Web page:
|Europe turns on France as Britain wins new allies
|JACQUES CHIRAC suffered a double blow as the EU summit opened last night when he was forced to admit defeat over the European constitution, and Tony Blair won powerful allies for his campaign to cut French agricultural subsidies.
Mr Blair feared isolation in his battle over Britains £3 billion rebate unless there was a thorough overhaul of EU farm spending as well.
Angela Merkel, favourite to replace Gerhard Schröder in September, said that it was unreasonable to expect Britain to surrender its rebate if France would not cut farm subsidies.
As one of the most momentous summits in years opened in Brussels, EU leaders agreed to put the constitutional treaty rejected by France and the Netherlands into deep freeze.
President Chirac and Herr Schröder had to drop their insistence that the ratification process continue and at 11.20pm the Luxembourg presidency formally declared that the timetable for ratification by November next year was dead. It would be reviewed next year but member states would be allowed to decide whether to go ahead ahead with planned votes. In diplomatic language, summit leaders were laying the treaty to rest.
The Danes were first formally to call off their referendum planned for September. A new date has not been set, Anders Fogh Rasmussen, the Prime Minister, said.
But M Chirac opened a fresh front by raising questions over Turkey membership, which Britain has said will be a priority for its presidency. He called for an extraordinary meeting of European leaders to debate the EUs future, arguing that without reforms in the constitution, Europe could not cope with further enlargement.
Several countries were reported to have supported Frances view on enlargement. But Bulgaria and Romania remain on track to become members.
The day began with Herr Schröder telling the German parliament that there was absolutely no justification any longer for the British rebate, but he was instantly contradicted by Frau Merkel, the Christian Democrat leader.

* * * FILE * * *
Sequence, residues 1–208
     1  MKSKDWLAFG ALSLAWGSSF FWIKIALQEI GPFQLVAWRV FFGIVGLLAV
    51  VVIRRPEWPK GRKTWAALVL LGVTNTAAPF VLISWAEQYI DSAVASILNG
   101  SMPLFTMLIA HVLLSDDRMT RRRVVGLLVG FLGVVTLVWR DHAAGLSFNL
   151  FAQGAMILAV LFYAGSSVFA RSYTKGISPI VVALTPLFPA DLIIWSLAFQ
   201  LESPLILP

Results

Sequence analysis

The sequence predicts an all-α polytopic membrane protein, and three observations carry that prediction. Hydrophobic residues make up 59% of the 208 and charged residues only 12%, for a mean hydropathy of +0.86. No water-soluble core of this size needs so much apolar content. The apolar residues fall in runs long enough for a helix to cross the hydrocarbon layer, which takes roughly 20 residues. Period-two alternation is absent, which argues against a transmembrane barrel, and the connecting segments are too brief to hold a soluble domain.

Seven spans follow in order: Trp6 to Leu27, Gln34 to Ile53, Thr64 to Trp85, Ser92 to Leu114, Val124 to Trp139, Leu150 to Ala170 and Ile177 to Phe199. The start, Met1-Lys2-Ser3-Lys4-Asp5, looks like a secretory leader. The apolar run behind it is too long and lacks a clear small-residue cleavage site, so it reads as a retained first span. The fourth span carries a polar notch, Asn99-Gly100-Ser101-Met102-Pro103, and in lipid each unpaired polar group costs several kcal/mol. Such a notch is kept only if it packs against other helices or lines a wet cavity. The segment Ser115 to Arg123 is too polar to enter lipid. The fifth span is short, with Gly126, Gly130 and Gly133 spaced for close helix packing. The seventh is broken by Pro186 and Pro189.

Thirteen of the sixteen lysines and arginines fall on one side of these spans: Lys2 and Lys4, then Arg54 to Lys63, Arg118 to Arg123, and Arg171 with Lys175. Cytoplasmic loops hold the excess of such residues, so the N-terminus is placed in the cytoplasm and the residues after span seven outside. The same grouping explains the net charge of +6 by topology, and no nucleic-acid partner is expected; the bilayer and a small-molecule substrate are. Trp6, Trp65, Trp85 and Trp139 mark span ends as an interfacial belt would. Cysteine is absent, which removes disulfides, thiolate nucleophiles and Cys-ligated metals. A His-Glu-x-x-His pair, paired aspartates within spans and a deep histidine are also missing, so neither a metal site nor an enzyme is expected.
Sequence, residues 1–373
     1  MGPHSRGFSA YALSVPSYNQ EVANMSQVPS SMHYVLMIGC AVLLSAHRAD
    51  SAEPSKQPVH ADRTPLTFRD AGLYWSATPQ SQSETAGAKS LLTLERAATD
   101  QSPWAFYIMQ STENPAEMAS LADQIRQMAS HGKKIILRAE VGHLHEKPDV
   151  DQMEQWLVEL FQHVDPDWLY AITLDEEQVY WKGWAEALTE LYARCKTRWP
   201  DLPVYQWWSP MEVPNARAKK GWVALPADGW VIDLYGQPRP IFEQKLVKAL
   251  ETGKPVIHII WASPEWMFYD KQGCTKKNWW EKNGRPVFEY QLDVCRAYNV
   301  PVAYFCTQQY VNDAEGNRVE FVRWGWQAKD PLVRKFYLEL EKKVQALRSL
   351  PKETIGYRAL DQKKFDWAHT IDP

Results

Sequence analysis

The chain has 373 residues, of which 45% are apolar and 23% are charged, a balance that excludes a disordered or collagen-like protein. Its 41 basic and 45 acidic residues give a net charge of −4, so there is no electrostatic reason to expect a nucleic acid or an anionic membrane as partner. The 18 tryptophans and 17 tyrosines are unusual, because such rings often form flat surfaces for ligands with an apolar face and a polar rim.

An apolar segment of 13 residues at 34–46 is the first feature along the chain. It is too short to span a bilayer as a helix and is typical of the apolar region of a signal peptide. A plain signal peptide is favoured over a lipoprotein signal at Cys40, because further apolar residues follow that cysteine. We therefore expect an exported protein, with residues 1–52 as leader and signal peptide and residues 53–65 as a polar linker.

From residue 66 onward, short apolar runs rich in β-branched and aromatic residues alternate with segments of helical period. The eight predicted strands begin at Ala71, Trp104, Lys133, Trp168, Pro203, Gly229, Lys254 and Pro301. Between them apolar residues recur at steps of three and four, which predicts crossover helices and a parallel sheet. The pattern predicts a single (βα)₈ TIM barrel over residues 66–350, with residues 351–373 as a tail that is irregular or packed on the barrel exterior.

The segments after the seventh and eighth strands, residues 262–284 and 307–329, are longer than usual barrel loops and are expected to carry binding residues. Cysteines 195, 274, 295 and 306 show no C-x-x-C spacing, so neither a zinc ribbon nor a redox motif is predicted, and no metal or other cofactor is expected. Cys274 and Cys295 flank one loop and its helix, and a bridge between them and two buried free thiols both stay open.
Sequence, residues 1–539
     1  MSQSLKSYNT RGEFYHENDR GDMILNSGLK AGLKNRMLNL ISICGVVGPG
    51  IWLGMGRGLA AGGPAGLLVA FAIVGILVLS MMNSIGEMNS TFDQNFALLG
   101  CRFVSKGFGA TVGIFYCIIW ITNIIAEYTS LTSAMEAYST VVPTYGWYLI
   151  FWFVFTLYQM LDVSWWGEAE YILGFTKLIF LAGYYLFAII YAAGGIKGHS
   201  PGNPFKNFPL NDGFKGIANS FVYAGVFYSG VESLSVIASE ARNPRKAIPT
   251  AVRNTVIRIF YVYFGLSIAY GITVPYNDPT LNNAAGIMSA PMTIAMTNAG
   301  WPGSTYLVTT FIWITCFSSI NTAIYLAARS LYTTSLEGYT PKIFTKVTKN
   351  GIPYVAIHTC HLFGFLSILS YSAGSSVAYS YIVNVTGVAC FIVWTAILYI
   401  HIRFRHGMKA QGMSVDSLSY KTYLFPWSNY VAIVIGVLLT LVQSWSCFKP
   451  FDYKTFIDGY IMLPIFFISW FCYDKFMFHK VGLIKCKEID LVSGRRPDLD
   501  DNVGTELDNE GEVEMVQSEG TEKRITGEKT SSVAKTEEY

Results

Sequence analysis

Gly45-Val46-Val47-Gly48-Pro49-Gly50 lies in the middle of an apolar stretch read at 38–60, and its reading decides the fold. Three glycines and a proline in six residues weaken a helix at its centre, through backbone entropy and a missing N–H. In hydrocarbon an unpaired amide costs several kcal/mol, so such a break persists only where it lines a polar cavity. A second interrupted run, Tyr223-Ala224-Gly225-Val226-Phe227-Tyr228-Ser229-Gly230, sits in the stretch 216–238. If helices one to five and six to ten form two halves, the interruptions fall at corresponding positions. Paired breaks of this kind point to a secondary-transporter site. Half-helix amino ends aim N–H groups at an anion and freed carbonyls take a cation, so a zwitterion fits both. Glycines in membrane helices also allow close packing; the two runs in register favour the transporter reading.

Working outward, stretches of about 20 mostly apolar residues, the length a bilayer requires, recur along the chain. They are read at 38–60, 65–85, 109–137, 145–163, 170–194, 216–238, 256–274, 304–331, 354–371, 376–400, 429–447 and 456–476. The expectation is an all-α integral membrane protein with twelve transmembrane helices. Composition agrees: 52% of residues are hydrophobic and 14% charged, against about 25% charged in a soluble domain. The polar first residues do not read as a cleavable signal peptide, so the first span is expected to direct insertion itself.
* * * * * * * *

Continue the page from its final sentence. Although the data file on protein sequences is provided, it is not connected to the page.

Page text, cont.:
It does not make sense when one side says that the agricultural subsidies are sacrosanct, then flexibility is demanded from others, she declared.
Frau Merkels remarks pointed to a potentially big shift in German foreign policy should she be elected.
Her intervention means that Mr Blair has no incentive to reach a deal when the summit attempts to agree a seven-year budget today. Britain assumes the presidency next month and, within weeks, Mr Blair should have German support for the overhaul of EU finances that he has demanded for surrendering the rebate. Herr Schröder has defended Frances right to keep the agricultural benefits agreed in 2002.
Göran Persson, the Swedish Prime Minister, and Jan Peter Balkenende, the Dutch Prime Minister, also supported the British call for a thorough spending review. Both said that they could not sign up to the present budget because their net contributions were too big.
Mr Blair, pleased with his efforts to turn the row about the British rebate into a wider debate about EU finances, was able to claim that he was no longer fighting a lone battle.
Mr Blair was under pressure from Cabinet colleagues, including Gordon Brown, the Chancellor, not to compromise on the rebate. Mr Brown and Jack Straw, the Foreign Secretary, were worried that Mr Blair was ready to grant too early a potential compromise, disclosed by The Times on Wednesday, to exempt the newer and poorer EU member states from contributing to the rebate.
At a pre-summit meeting, Mr Brown and Mr Straw urged Mr Blair only to offer his £300 million a year concession as part of an overall deal.
They were angry that Peter Mandelson, the trade commissioner, had referred to the plan on Monday even though Britain had privately had it in reserve for some time.